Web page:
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 POEMS AND LYRICS

BY

ROBERT NICOLL

WITH

A MEMOIR OF THE AUTHOR

――――♦――――

 

"Finds tongues in trees—books in the running brooks—
 Sermons in stones—and good in everything."—As You Like It.

 

――――♦――――

TO MRS. JOHNSTONE,

AUTHORESS OF "ELIZABETH DE BRUCE," ETC.,

THIS VOLUME IS

RESPECTFULLY DEDICATED BY THE AUTHOR.

NOTE.
_____

 

It was originally intended that an entirely new Life of ROBERT NICOLL should have been written for this Edition, and a distinguished writer had promised to undertake that work; but it was found, after considerable inquiry, that no fresh material for that purpose was in existence, whilst nothing could be in better taste than the Life and Criticism which formerly appeared.


CONTENTS.
――――♦――――

THE POEMS MARKED THUS * IN THE TABLE OF CONTENTS ARE ALL
POSTHUMOUS PIECES.

 

 

PAGE

Criticism of the Life and Writings of Robert Nicoll.

XI

Sketch of the Life of Robert Nicoll

XXI

 

PART FIRST.

POEMS, ILLUSTRATIVE OF THE MANNERS AND CUSTOMS,
 AND OF THE CONDITION AND FEELINGS, OF THE
SCOTTISH PEASANTRY.

 

The Ha' Bible

1.

The Toun where I was born

3.

Youth's Dream

5.

Ordé Braes

6.

*The Place that I love best

8.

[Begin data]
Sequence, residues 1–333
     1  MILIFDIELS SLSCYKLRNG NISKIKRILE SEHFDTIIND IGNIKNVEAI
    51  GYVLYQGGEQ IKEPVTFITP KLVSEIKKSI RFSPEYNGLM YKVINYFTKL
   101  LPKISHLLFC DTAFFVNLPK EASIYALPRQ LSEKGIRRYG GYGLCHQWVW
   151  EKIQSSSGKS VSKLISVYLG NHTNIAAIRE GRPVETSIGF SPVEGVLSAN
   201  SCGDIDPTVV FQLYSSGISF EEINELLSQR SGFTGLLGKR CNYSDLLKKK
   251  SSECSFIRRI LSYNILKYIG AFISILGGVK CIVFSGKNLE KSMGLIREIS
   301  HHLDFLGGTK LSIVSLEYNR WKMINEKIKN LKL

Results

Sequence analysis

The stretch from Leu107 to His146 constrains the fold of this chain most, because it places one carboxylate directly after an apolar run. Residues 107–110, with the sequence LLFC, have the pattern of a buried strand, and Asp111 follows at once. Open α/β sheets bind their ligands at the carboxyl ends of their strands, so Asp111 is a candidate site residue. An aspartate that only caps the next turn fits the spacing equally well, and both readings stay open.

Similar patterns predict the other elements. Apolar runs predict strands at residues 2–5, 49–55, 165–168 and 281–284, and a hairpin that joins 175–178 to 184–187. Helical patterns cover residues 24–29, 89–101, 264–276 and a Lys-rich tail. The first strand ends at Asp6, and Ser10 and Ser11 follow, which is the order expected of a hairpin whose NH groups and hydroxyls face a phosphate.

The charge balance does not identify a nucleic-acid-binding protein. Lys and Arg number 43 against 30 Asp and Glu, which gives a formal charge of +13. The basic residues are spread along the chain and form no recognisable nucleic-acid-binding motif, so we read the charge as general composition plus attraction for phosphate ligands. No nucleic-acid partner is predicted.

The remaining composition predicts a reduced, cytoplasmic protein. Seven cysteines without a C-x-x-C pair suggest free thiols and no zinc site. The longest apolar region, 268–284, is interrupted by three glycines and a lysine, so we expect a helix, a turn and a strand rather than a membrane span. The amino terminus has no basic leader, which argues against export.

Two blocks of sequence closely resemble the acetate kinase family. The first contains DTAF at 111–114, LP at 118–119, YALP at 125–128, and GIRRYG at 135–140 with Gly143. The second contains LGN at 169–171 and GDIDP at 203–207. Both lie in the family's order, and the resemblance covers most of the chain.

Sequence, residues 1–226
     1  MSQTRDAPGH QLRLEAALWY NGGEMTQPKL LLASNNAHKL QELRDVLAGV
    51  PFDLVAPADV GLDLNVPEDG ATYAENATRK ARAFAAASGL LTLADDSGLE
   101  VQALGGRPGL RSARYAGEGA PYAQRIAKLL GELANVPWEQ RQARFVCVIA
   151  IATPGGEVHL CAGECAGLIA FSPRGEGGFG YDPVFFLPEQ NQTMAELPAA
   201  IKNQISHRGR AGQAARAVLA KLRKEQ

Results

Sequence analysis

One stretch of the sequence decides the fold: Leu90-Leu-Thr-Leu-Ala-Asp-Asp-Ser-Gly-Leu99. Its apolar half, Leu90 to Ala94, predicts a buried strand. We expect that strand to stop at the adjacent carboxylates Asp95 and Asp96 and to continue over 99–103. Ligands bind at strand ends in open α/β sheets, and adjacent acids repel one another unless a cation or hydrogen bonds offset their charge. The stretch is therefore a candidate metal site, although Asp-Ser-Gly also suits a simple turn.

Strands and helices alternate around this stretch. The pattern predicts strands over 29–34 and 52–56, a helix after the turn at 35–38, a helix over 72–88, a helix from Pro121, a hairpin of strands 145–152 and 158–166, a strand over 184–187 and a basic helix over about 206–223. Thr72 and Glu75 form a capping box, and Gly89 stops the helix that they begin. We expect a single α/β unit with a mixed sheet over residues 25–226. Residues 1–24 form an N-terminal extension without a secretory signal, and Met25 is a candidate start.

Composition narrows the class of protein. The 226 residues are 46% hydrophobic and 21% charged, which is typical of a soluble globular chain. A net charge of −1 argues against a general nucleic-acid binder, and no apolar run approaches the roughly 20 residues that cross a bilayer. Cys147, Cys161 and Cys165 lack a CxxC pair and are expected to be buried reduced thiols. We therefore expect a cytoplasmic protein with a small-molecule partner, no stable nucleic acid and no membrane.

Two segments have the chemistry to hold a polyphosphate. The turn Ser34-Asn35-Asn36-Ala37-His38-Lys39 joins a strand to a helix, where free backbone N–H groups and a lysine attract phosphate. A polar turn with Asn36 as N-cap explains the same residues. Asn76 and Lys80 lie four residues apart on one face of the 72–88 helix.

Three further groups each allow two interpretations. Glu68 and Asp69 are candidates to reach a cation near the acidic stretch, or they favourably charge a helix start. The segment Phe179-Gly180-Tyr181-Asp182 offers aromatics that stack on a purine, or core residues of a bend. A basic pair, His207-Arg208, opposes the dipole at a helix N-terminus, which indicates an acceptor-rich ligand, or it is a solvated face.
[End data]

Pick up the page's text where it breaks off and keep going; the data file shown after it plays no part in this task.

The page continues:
The folk o' Ochtergaen

10.

The Spinning-wheel

11.

*Our Auld Hearthstane

12.

*We'll a' go pu' the heather

15.

My Hame

16.

*My Grandfather

18.

*Our Auld Gudeman

20.

*Janet Dunbar

21.

Janet Macbean

22.

Minister Tam

23.

The Dominie

25.

*The Smith

27.

*Auld Donald

28.

*Bonnie Bessie Lee

29.

Fiddler Johnny

30.

*The Provost

31.

*The Bailie

33.

*The Hopes of Age

34.

*Home Thoughts

35.

The Battle Word

36.

 

PART SECOND.

SONGS, CHIEFLY SCOTTISH.

Thae lips o' yours are cherries twa;
    But floutin' words they speak;
An ahint the door o' cauld disdain
    My heart I canna' steek.
Your bonnie e'en an' your jeerin' words
    Are ever grievin' me;
Ye cuttie quean! it's an awfu' thing
    That ye winna let me be.

                               From.....Ye Winna Let Me Be

 

The Muir o' Gorse and Broom

37.

The Beloved One

38.

*The Making o' the Hay

39.

*Menie

40.

*Down by the Wood

41.

My Auld Gudewife

42.

The Courtin' Time

43.

The Bonnie Hieland Hills

44.

The Thistle

45.

The Heather of Scotland

46.

The Bagpipes

48.

Fading Away

49.

Regrets

49.

The Hieland Plaid

50.

What shall I do

52.

The Wooing

53.

The Lament of Benedict the Married Man

55.

There's never an end o' her Flytin' an' Din

56.

A Maiden's Meditations

57.

My Minnie mauna ken

59.

*Kate Carnegie

61.

The Maid I daurna name

62.

*The Packman

63.

The Bonnie Rowan Bush

64.

The Auld Beggar Man

65.

Ye winna let me be

66.

The Banks of Tay

67.

The Lass o' Turrit Ha'

69.

Mary Hamilton

70.

Janet

72.

The False One

73.

Summer Wooing

75.

The Prisoner's Song

77.

We are Brethren a'

79.

Steadfastness

80.

The Honest and True

81.

The World's fn' o' Skaith and Toil

82.

*The Shepherdess

82.

*Be still, be still, thou Beating Heart!

83.

To the Lady of my Heart

84.

A Castle in the Air